The talk will revolve around the parable of the Prodigal Son and St. Pope John Paul II’s 1980 encyclical on the Mercy of God known by its Latin title, “Dives in Misericordia.”
Because one is never sure of the depth of an audience’s familiarity with the Bible, let me give you a very brief synopsis of the parable of the Prodigal Son. A rich man has two sons, and the older son is a dutiful and obedient and quiet man who does what his father expects him to do. The younger son is impatient. At the beginning of the story, he is impatient to receive his inheritance, and so he asks for it from his father so that he will have it before his father dies. His father agrees. So the young man takes his new wealth and goes off to foreign lands and squanders it on wine and women. Out of money and down on his luck, he has to take a job feeding the pigs. In that low position, he admits the reality of what he has done, and decides to go back to his father and seek employment as a servant rather than to be returned to his status as the son. As the younger son is approaching his home, the father sees him and runs out and embraces him and gives him new clothes and a ring and says, “let’s have a big party because my son has returned.” The older brother seems a bit put out by this generosity, and he points out that he has never even asked for one little thing but always done what his father asked of him and yet his father has never given him a party.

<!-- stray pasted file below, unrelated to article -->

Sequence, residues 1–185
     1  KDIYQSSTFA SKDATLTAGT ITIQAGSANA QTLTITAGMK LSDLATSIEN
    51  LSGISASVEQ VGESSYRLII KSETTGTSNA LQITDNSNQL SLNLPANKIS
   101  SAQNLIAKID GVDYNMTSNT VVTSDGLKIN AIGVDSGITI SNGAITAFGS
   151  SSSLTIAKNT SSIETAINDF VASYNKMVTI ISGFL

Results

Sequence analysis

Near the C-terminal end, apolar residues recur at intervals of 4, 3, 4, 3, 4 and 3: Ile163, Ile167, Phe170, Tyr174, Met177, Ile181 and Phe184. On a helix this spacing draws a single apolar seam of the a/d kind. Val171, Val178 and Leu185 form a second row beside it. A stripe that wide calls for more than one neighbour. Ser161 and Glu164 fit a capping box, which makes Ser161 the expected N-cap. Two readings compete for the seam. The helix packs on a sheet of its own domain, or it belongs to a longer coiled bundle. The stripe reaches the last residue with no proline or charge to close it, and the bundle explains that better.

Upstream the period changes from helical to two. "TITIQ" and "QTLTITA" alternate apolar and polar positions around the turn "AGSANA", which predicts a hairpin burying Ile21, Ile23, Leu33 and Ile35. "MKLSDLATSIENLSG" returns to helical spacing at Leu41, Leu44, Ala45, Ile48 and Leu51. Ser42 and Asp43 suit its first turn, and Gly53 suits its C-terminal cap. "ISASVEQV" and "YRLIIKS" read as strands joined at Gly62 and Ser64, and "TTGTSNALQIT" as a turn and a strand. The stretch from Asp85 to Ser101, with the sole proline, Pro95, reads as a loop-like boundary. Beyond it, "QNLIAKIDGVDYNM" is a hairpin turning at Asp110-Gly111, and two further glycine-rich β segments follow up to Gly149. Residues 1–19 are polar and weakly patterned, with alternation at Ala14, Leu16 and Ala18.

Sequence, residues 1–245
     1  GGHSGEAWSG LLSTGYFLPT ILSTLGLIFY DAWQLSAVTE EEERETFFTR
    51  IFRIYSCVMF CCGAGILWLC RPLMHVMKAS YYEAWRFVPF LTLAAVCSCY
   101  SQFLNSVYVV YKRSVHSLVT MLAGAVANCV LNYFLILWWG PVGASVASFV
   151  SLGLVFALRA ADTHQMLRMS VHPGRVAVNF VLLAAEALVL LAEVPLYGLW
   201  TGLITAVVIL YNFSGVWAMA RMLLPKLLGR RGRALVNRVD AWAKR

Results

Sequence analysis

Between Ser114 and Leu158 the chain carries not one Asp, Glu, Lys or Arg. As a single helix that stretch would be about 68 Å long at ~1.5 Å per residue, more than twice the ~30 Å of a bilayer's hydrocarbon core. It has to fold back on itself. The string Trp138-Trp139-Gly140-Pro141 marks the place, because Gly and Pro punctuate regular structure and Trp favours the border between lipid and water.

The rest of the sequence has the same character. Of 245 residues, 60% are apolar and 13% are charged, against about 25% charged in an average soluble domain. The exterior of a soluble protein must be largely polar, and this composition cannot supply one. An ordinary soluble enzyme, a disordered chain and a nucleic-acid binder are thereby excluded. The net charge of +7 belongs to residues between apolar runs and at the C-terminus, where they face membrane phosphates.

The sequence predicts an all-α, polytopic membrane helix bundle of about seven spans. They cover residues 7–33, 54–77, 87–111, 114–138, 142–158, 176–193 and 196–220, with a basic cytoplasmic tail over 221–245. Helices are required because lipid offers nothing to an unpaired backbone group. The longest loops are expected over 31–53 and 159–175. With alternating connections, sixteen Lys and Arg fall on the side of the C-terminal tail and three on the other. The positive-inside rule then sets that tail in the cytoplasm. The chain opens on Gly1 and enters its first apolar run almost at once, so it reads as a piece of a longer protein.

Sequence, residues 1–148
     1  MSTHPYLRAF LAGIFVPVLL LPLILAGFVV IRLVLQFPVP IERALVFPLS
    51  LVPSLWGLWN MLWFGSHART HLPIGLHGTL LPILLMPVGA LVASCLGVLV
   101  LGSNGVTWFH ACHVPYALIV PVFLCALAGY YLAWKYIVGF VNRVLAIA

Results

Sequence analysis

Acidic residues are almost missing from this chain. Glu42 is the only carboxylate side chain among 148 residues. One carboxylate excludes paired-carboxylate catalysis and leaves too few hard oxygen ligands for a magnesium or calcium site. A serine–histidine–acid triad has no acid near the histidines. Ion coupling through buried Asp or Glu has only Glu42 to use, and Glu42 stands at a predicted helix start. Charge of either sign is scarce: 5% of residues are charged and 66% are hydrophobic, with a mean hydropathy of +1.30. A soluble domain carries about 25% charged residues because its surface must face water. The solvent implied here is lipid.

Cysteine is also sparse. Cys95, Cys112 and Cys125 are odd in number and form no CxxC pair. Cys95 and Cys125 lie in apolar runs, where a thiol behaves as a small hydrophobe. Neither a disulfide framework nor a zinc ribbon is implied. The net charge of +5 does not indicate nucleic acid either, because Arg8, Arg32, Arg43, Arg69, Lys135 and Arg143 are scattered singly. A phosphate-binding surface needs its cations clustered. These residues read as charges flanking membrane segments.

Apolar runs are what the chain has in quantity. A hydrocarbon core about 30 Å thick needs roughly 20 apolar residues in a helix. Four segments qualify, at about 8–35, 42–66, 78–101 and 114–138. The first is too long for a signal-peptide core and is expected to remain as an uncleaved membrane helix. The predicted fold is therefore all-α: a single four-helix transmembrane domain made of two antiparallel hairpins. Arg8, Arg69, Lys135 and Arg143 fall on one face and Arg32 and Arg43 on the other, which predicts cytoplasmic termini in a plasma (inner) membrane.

While the older brother is very interesting, let’s leave him by the wayside and focus on the Prodigal Son – the younger son – and the loving father. I have heard, you may have heard this too, that this story could also be called the parable of the loving father. And John Paul II suggests that in this story we see the essence of Divine Mercy in the profound drama that plays out between the Father’s Love and the wastefulness and sin of the younger son.Continue reading “Hungry to Know Our Dignity”